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January 24, 2007 | Social News

“Change The National Anthem”

The Statesman

The theme for the month is Reflection. Hackman Owusu-Agyemang has been reflecting on matters other than his presidential ambition. He believes the Golden Jubilee Anniversary gives Ghanaians an opportunity to consider making some psycho-cultural adjustments."I think we should consider replacing the Ghanaian National Anthem with one that is more culturally reflective, stimulating in its patriotic call to duty to self and country and simply easier to inspire.”

He continues, “Fortunately for us the great composer Ephraim Amu has bequeathed the nation with one that is perfect, Yen ara ya asasa ni, which we can all sing in our various native languages as Ghanaians.” If the Minister's proposal gains favour, it will make Ghana the only West African country with its national anthem in a local language. In Sub-Saharan Africa, only nine countries (Rwanda, Ethiopia, Burundi, Botswana, Kenya, Lesotho, Niger, South Africa and Zimbabwe) do not sing the national anthems in the language of the colonial 'masters.'

In proposing Yen ara y' sase ni (This is our own land) as the new anthem, the Minister for Water Resources, Works & Housing argues that already Ephraim Amu's composition has become the unofficial anthem of Ghana, pointing to President John Agyekum Kufuor's decision in 2003 to make it the theme of his state of the nation address:

“It's like the second national anthem. My view is that we should consider making it the main anthem. It's a truer reflection of who we are as Ghanaians.” Mr Owusu-Agyemang, whose friends have dubbed him the Action Man, believes the recital of a national anthem in a language indigenous to one carries more significance and symbolism of cultural identity than in a received language, like English.

He points out that in Germany, Das Lie Der Deutschen (Song of the Germans) is naturally sung in German, in France La Marseillaise is sung in French. Other examples include the Kenyan national anthem in Swahili, Ee Mungu Nguvu Yetu (Oh God of All Creation), although English is also an official language in the East African country; and the South African national anthem which was altered after Freedom in 1994 to Nkosi Sikelel Africa & Die Stem van Suid Afrika (God Bless Africa & The Call of South Africa combined) to better reflect the multi-ethnic mix of the post-apartheid South Africa.

Even Wales, which is part of the United Kingdom, has its own distinct national anthem, Hen Wlad Fy Nhadau (Old Land of My Fathers). The Minister explains his suggestion as, if carried, having the “psychological weight and value to help rekindle and redefine in a more meaningful and contemporary way that sense of positive nationalism which the country lost through those old and painful years of betrayed leadership.”

He observes, “It's our own unique, home-grown version of US President JF Kennedy's famous soundbite appeal to the patriotic instinct of the American people, “Ask not what your country can do for you; ask what you can do for your country.” But, Mr Owusu-Agyemang is quick to point out that Ephraim Amu's composition precedes JFK's inaugural address, which was delivered in Washington on January 20th, 1961.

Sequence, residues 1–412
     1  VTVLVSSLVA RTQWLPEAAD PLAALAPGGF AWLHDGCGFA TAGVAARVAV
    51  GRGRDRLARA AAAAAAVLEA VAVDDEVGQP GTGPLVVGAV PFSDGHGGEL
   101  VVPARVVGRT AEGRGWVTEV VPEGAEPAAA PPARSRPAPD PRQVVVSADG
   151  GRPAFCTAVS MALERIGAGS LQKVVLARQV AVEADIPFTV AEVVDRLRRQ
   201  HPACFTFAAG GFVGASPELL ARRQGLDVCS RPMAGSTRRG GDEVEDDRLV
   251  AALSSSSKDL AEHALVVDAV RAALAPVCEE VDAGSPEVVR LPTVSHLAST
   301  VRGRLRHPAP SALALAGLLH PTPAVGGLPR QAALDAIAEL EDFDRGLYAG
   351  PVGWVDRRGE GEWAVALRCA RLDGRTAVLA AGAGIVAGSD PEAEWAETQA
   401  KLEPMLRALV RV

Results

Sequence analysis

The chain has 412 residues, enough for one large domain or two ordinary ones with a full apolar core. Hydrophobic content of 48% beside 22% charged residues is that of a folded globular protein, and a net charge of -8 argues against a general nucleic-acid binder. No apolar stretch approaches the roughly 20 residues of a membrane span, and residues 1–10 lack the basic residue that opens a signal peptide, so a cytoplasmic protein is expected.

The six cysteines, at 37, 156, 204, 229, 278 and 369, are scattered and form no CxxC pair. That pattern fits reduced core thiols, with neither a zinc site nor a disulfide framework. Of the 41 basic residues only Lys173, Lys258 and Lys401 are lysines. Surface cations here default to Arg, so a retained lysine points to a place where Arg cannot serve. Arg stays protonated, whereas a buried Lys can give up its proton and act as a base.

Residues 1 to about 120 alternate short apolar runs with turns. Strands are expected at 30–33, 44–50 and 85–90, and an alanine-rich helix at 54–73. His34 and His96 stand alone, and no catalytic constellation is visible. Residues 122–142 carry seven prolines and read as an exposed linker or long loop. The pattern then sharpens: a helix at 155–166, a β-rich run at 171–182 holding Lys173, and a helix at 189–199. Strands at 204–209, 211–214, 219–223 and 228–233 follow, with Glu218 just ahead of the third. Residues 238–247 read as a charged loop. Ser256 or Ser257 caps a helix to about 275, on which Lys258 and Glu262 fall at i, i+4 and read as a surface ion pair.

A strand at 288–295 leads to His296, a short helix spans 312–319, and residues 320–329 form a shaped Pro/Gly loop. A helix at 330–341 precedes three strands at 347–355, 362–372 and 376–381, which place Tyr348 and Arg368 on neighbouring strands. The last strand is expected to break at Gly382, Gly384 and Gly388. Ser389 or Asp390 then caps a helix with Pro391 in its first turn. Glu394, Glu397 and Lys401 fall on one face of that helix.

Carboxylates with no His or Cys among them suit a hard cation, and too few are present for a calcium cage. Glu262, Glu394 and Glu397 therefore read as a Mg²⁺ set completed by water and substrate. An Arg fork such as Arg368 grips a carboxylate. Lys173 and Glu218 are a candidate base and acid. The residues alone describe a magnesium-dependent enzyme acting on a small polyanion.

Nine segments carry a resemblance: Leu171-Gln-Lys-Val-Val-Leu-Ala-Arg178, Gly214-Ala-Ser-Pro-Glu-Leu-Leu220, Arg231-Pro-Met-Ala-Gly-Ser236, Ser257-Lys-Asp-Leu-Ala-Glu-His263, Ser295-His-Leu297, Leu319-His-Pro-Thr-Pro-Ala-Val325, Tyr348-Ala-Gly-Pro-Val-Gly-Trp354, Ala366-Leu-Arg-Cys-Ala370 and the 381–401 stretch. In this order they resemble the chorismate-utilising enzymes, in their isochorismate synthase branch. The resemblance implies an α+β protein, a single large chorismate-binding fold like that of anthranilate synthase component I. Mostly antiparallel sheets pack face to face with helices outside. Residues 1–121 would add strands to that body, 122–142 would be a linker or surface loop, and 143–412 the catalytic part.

Mr Owusu-Agyemang, who is considered to be among the Big Six of the political heavyweights aspiring to become the ruling NPP's 2008 flagbearer, thinks the 50th anniversary of Independence offers Ghanaians a “timely opportunity” to undertake some useful introspection and use all the available tools of construction to forge a new collective surge of progress in unity and duty to self, community and country. “The President said at the People's Assembly stated that this being Jubilee Year, we should all use the jubilee spirit to bring about genuine reconciliation. Ephraim Amu's song is just one of such tools that appeal to our innate sense of nationalism and shared destiny. I think making it the national anthem is worth considering,” he ended modestly.

The Ghanaian National Anthem
God bless our homeland Ghana,
And make our nation great and strong,
Bold to defend forever
The cause of Freedom and of Right.
Fill our hearts with true humility
Make us cherish fearless honesty,
And help us to resist oppressors' rule
With all our will and might evermore.

Part 2

Hail to thy name, O Ghana
To thee we make our solemn vow;
Steadfast to build together
A nation strong in Unity;
With our gifts of mind and strength of arm,
Whether night or day, in the midst of storm,
In every need whate'er the call may be,
To serve thee, Ghana, now and evermore.

Part 3

Raise high the flag of Ghana,
And one with Africa advance;
Black star of hope and honour,
To all who thirst for liberty;
Where the banner of Ghana free flies,
May the way to freedom truly lie
Arise, arise, O sons of Ghanaland,
And under God march on forevermore.

YEN ARA YASASE NI (This is our own land)
EYE ABOODEN DE MA YEN (It is very dear to us)
MOGA NA NANANO WHIE GU (The blood spilled by our ancestors)
NYA DE TO HO MA YEN (To secure and bequeath it to us)
ADURU MENEWO SO SO ( Now it's time for you and I
SE YEBEYE BI ATOASO (To build upon that legacy)

NIMDEETOASO NKONTONKRANE (Arrogance, lies,)
NE APESEMENKOMENYA (And Selfishness)
ADI YENMAN MU DEM (Has hurt this nation of us)
AMA YASAASE MU DO ATOM SE (Affecting the sense of love in our) nation)
OMAN YI SE EBEYE YIE O (Whether our nation shall progress)
OMAN YI SE ERENNYE YIE O (Whether our nation shall regress)EYESE NNA AHOSE
OMANFO BRA NA EKYERE (Our national character will determine)

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